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UPDATE: All American WWII submarine war patrol reports are now available online thanks to HNSA. You can also purchase these reports on disc individually at Submarine Memorabilia.
The Fleet Type Submarine, Navpers 16160, is the first in a series of submarine training manuals that was completed just after WW II. The series describes the peak of WW II US submarine technology. http://www.hnsa.org/doc/fleetsub/index.htm
Submarine Torpedo Fire Control Manual, 1950. This describes how to plan a submarine's approach and attack using the fire control systems on Fleet and Guppy submarines with straight running torpedoes. http://www.hnsa.org/doc/attack/index.htm
Torpedo Data Computer Mark 3, Mark 3, Mods 5 to 12 inclusive, O.P. 1056, 1944 describes the most successful torpedo fire control computer of WW II. It is considered a masterpiece of mechanical computing design. http://www.hnsa.org/doc/tdc/index.htm
Submarine Attack Course Finder Mark I Model 3, O.D. 453, 1922. This describes the circular slide rule commonly know as an "is-was" used to calculate an approach and attack by an submarine. http://www.hnsa.org/doc/attackfinder/index.htm
Torpedo Angle Solver Mark VIII Operating Instructions, O.D. 3518, 1941. This describes the hand operated torpedo angle solver commonly called a "banjo". It is used to calculate the gyro angle when the Torpedo Data Computer is not available. http://www.hnsa.org/doc/banjo/index.htm
A Brief History of U.S. Navy Torpedo Development, by E.W. Jolie, OP 353W or TD5436, 1978. This provides basic information on most US Navy torpedoes up to 1978 (Submarine, Surface and Air). http://www.hnsa.org/doc/jolie/index.htm
Unit Course in Marine Electricity, 1942. Museum ships stabilizing or restoring their electrical systems will appreciate many parts of the manual. Items such as the proper ways of working with armored cable, lacing, etc. are included. http://www.hnsa.org/doc/elect/index.htm
Introduction to Radio, 1946. An introduction to electronics and naval radio. It covers basic tube electronics in the beginning, then explains the basic operating instructions for typical WW II radios. http://www.hnsa.org/doc/radio/index.htm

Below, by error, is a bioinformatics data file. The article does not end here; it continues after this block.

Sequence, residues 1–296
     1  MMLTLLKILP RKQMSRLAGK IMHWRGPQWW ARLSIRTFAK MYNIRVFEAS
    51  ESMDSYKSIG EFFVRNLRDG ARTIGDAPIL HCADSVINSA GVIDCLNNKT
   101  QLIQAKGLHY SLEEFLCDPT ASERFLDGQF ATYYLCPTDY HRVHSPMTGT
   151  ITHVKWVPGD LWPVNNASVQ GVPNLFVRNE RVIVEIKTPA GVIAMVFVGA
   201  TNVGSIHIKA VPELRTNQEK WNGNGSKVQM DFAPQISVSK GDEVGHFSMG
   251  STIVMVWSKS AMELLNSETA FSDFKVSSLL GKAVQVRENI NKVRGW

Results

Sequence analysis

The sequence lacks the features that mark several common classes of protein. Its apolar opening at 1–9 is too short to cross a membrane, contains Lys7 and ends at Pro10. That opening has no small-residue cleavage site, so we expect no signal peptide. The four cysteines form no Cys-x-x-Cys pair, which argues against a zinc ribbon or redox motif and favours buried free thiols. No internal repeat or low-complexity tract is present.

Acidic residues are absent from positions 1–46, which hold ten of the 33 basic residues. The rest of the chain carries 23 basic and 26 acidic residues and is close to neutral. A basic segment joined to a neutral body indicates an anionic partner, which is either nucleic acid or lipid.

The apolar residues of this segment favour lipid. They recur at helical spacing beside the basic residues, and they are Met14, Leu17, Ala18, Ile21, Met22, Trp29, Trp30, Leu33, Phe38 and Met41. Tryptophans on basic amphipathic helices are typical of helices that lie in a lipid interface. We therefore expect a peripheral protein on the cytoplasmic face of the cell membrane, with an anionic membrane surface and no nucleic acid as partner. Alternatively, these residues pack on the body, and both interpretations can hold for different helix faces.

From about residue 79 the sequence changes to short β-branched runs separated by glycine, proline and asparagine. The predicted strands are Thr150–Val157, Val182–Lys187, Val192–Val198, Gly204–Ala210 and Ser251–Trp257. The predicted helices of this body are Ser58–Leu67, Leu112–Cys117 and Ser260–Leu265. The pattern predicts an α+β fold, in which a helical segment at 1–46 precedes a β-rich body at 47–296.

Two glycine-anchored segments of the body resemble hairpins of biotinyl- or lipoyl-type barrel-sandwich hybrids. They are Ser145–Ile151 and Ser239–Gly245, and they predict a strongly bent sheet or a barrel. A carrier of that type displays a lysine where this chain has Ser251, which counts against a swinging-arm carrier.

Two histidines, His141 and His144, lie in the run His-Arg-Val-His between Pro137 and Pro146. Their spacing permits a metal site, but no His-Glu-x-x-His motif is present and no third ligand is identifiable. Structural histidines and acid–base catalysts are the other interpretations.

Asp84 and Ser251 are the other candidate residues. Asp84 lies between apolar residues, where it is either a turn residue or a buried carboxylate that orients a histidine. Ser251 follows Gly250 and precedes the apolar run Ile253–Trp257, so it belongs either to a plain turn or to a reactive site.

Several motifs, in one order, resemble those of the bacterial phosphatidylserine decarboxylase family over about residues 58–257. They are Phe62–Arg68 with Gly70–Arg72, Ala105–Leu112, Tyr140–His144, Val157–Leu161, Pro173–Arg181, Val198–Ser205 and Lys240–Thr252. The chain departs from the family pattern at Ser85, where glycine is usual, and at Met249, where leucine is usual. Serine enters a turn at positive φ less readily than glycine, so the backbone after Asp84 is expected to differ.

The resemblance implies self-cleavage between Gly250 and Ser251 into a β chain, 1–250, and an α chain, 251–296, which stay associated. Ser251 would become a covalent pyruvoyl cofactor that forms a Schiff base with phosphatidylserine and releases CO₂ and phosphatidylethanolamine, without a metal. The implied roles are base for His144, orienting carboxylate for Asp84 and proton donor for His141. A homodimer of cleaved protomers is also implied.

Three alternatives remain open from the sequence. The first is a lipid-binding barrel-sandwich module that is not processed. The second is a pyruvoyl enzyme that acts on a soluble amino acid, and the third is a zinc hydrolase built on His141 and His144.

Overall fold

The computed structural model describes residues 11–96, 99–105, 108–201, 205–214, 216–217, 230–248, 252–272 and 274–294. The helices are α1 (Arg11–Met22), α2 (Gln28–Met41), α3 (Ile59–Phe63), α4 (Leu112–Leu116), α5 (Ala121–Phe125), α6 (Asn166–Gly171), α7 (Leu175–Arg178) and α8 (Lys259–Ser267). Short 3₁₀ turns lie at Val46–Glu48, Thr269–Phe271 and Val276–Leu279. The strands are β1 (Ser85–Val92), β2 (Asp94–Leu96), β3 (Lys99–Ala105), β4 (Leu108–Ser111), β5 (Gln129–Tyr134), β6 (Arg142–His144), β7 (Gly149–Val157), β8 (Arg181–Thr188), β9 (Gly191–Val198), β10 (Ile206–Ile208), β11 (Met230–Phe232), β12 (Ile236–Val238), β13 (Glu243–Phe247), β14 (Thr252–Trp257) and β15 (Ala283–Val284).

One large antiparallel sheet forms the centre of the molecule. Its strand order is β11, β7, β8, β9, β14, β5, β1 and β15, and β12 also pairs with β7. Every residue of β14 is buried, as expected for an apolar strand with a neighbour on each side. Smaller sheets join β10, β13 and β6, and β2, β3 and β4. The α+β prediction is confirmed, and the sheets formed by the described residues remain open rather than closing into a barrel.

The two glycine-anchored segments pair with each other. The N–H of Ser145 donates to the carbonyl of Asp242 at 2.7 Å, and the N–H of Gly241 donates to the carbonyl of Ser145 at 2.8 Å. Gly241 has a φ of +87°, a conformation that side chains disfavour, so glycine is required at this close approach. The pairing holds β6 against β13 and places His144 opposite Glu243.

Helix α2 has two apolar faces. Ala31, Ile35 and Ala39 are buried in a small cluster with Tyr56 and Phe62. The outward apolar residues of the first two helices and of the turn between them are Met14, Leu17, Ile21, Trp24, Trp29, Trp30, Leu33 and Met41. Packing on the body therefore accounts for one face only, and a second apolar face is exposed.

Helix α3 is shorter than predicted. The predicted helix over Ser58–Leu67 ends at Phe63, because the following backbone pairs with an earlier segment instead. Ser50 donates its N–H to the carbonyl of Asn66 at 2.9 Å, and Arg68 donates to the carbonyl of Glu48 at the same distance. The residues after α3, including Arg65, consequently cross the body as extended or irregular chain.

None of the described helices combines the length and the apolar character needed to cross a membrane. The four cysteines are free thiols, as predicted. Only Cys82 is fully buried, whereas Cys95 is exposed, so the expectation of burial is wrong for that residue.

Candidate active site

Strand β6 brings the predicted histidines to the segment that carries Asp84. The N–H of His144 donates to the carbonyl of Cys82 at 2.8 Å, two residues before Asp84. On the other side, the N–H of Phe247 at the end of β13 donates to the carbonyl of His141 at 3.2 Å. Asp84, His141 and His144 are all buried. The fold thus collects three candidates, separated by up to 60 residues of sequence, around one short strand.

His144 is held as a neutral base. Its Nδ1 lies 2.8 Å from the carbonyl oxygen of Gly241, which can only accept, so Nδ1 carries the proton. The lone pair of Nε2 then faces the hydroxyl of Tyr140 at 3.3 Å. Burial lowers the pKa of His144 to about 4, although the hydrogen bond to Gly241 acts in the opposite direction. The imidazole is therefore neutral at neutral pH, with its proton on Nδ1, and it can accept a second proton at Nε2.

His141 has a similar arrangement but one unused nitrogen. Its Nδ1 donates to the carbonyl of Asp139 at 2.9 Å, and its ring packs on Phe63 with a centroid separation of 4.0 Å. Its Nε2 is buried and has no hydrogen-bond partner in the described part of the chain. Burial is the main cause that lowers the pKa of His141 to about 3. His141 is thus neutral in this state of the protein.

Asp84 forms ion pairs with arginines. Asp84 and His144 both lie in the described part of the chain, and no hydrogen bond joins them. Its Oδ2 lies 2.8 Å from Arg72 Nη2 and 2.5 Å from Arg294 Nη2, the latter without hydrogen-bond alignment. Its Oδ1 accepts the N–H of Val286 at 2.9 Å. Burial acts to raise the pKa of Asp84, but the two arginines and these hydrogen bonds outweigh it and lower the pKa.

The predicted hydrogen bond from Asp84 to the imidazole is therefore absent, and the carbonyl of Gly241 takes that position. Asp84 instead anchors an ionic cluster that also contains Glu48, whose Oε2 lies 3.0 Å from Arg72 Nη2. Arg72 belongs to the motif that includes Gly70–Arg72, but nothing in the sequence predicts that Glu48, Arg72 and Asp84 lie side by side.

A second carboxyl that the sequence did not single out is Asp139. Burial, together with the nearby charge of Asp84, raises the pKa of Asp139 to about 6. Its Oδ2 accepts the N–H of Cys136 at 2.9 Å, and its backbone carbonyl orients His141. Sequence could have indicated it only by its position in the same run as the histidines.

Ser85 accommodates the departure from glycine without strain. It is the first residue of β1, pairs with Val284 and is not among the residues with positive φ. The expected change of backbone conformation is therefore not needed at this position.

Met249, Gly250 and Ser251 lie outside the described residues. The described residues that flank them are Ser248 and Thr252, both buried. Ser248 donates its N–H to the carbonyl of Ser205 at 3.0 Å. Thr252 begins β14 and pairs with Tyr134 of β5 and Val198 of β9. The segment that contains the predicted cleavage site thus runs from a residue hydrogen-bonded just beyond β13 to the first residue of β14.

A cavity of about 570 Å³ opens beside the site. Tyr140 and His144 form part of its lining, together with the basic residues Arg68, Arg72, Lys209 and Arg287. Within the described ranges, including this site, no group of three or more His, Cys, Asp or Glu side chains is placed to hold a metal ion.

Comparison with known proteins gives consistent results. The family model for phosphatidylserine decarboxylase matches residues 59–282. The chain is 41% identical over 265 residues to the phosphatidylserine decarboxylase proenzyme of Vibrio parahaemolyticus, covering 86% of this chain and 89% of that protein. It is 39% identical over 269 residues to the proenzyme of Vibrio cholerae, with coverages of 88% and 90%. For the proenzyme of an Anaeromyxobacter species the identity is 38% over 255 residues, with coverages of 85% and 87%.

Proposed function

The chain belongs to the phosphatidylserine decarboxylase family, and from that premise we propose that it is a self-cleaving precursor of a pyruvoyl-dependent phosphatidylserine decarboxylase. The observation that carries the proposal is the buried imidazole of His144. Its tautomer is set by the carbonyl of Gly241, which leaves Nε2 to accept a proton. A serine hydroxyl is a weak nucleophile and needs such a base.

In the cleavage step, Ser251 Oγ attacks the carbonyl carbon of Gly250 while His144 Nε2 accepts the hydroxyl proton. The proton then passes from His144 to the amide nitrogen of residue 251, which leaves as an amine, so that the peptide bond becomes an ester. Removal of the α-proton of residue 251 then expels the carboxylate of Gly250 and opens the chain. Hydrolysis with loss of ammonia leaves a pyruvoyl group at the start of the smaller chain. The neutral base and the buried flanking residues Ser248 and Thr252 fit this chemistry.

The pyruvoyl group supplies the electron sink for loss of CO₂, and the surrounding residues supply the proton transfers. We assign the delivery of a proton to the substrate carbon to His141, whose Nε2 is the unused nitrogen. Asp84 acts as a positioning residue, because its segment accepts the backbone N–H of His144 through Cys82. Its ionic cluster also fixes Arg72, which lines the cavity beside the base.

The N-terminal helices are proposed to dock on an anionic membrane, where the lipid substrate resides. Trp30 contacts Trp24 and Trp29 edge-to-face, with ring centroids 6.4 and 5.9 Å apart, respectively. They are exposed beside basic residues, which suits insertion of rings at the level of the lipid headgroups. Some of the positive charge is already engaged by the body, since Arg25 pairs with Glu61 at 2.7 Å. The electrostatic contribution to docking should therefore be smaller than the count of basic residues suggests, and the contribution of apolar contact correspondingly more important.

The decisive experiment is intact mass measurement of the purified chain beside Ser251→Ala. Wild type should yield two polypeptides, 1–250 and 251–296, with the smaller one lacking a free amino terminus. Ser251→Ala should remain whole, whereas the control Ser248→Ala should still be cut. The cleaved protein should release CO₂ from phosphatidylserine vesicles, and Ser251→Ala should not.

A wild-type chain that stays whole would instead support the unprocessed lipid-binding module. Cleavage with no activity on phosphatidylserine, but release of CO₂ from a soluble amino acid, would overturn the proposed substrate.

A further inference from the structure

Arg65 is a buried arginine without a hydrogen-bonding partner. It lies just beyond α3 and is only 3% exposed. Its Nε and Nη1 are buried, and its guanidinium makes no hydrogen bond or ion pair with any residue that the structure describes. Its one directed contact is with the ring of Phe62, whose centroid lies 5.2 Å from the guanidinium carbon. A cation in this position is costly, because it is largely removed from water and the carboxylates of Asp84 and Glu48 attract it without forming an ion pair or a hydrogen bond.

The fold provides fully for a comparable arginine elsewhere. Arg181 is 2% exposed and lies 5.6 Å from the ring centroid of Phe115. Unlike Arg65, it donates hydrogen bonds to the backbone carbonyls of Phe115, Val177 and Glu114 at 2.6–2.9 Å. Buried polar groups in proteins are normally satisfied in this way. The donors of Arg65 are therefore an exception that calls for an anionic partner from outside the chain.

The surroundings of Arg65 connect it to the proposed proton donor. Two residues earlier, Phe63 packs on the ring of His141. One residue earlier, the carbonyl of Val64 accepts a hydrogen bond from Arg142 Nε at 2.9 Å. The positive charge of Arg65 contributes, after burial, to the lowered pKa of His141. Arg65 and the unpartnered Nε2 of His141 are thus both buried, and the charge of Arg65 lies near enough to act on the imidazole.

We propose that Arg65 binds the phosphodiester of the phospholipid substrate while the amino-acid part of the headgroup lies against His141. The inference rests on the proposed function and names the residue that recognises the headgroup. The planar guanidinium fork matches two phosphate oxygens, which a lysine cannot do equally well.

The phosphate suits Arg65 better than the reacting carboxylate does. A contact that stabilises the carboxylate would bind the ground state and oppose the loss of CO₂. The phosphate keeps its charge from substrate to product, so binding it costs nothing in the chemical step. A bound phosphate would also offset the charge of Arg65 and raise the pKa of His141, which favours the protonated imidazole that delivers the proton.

Notes on Servicing Radio and Sound Equipment, 1942, is a training manual that introduces the art of tube radio and sound equipment repair. This included both receivers and transmitters, and the motor generators they use. http://www.hnsa.org/doc/radiorepair/index.htm
Arma Gyro-compass Mark 7, Mod. 4, 1943, is a service manual for the preferred U.S. submarine gyro-compass of WW II. This was also used on small surface ships that had fire control, but only one gyro. It is very similar to the Arma Mk 8 Gyro-compass used on larger CA, BB, and CVs. http://www.hnsa.org/doc/gyromk7/index.htm
Catalogue of Electronic Equipment, NavShips 900,116, 1952, is a U.S. Navy catalog of electronics that includes almost all the WW II equipment and some of the early Cold War equipment. http://www.hnsa.org/doc/ecat/index.htm
There are other numerous great sources of information out there. PigBoats.com is a great resource on submarines from the Holland up to early fleet boats like the Tambor class.
And of course, if you want to actually SEE most of this stuff in person, make a trip to your nearest museum submarine. There are 6 Gato, 8 Balao, and 2 Tench class submarines here in the USA that you can tour. More on those can be found at SUBMARINEMUSEUMS.ORG.
As far as finding manuals, at least one of the ones you see was purchased for a hefty, hefty price (not sure as to exactly who the purchaser was) on eBay just so it could be preserved and placed online.
You'd be shocked as to how greed affects people instead of trying to do something for the greater good.
There is a place called Submarine Force Library & Museum in Conn. That has everything under the sun involing US subs in WWII but I dont know if it is online I have seen it mentioned in a few books over the years I guess it would a good place to visit if you are an ultra sub buff. You are right people do aquire things that are of no value to them and then try to sell them for a high price. My grandmother once got all this stuff from a lady she knew whose husband had died he was a Marine Corps Corsair pilot and she just gave all thses books he had about Corsairs to my grandmother to give me if I wanted them many of the books even have foot notes the guy had written in them about his experiance. Afew days later my grandmother came by with this old insturment that the widow offerd me in my young ingnorance I did not realize that it was a navagation aid given to pilots of fighters and other small aircraft so I did not take it I thought it was just some old highschool slide rule. I have never seen one of these tolls since outside of a museum oh well. I did one day buy at an antique mall one of those Army dairies that they stopped giving in 43' some time it looked good so I paid $40 for it what a deal! It had been written in by a very firey private who was in supply through out the early Pacific battles so the stuff this guy had to say classic.
I mean this guy should have been a comideian for the stuff he wrote about the Japs, the Army , the brass it is such a good read. I am sure the guy who sold it never even once looked at it though the privates penmanship is pretty sloppy it took me 2 or 3 weeks to figure out his writing.